Residents in Vienna say the runoff presidential election that had Austrian voter's rejecting an anti-immigration candidate from the far-right Freedom Party was good for Europe, but that lawmakers need to do more to stop the wave of populism sweeping Western democracies. Subtitled Rough Cut (no reporter narration).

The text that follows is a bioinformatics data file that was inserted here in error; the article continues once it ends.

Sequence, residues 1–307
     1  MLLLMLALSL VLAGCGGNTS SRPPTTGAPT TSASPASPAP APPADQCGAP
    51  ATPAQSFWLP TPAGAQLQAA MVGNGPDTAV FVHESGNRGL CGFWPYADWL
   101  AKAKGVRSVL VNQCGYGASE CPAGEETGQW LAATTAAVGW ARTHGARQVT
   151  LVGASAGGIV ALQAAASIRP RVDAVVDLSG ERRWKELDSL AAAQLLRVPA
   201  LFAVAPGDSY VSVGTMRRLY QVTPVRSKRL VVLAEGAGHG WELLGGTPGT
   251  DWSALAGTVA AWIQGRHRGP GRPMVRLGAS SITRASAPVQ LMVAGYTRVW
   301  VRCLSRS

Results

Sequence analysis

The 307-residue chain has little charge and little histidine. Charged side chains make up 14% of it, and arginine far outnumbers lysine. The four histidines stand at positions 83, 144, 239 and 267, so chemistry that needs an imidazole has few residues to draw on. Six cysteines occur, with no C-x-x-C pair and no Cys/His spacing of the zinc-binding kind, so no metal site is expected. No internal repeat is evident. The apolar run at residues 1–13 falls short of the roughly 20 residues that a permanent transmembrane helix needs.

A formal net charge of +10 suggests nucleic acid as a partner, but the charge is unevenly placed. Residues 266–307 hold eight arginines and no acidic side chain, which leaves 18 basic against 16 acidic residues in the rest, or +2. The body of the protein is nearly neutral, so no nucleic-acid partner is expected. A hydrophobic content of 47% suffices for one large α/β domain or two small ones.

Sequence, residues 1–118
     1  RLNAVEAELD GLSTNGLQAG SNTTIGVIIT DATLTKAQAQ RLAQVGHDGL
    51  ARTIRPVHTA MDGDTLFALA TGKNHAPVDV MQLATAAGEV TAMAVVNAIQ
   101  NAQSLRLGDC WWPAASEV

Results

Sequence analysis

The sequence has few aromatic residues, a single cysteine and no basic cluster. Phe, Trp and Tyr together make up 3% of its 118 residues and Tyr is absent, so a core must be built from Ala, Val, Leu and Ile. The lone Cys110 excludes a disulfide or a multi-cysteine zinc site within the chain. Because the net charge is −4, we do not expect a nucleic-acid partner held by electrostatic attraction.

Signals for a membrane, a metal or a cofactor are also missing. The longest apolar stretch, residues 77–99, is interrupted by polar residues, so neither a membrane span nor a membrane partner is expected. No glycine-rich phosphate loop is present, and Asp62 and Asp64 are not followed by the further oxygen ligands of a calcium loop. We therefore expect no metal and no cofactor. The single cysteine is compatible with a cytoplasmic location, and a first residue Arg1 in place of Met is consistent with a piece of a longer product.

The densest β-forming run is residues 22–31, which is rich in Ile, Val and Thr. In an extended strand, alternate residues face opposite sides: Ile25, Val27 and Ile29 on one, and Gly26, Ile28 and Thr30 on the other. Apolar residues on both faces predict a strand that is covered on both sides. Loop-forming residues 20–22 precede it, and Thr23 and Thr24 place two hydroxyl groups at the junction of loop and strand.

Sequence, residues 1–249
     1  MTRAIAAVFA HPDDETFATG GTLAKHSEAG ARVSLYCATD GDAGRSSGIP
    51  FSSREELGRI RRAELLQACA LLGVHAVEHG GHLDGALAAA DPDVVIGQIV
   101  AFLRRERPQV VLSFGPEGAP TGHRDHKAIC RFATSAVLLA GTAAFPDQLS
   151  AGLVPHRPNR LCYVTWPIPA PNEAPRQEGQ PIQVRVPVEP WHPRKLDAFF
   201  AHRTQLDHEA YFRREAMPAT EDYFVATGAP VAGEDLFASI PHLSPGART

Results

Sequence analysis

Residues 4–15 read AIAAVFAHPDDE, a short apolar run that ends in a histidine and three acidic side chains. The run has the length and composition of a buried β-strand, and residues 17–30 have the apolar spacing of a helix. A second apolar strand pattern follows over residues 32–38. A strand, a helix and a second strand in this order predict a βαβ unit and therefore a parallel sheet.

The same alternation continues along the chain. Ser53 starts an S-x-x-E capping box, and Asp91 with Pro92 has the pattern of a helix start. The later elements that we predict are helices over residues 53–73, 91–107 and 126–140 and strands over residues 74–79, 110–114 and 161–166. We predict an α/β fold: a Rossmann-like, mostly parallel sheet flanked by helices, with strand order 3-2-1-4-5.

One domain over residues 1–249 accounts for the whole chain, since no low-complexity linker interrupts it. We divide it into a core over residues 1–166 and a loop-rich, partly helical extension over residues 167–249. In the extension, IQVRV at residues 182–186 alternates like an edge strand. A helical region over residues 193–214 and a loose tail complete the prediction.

SUBTITLED ROUGH CUT - NO REPORTER NARRATION STORY: Austrian voters roundly rejected on Sunday (December 4) a candidate vying to become the first freely elected far-right head of state in Europe since World War Two, halting at least temporarily the wave of populism sweeping Western democracies. The runoff vote was a litmus test, since it was a re-run of a vote held in May, before Britain voted to leave the European Union and Americans elected Donald Trump as president. Norbert Hofer of the anti-immigration Freedom Party lost the May election by less than a percentage point, and polls had for months shown the race too close to call. But within minutes of polls closing it was clear he had lost to former Greens leader Alexander Van der Bellen, who had put the June Brexit referendum at the centre of his campaign, saying Hofer would lead Austria down the same road as Britain and warning voters not to "play with this fire". Austrians seemed wary on Monday (December 5) as Hofer and his populist Freedom Party (FP) immediately set their sights on taking control of government in the parliamentary election next year. "There is no doubt that the FPO will not accept this result just like that, they will try to put some oil on fire, might even ask for new elections. We will have only a small break as the struggle goes on for open society, human rights and everything that Europe stands for", Vienna resident Barbara Eppensteiner said. "I find it very good that reason won over the populist idea but it will not stop, this is a story that will go on. There will be new elections and the cards will be dealt again. So I don't see this as such a big success because it is only a small glimmer of hope, Thomas Martin said. The Sunday's result is a blow to populists who had hoped a wave of anti-establishment anger sweeping Western democracies would carry Norbert Hofer to power after Britain's Brexit referendum and Americans' election of Donald Trump as president. Hofer, of the anti-immigration and anti-Islam Freedom Party (FPO), conceded he had been soundly beaten by pro-European environmentalist Alexander Van der Bellen. Austria's president traditionally has a largely ceremonial role. But the election, a re-run of a May vote that was overturned due to counting irregularities, had been seen as another test of populist sentiment in Europe ahead of elections in France, Germany and the Netherlands next year. Voters may have heeded Van der Bellen's increasingly strident warnings that Hofer wanted to follow Britain's lead and pull Austria out of the European Union.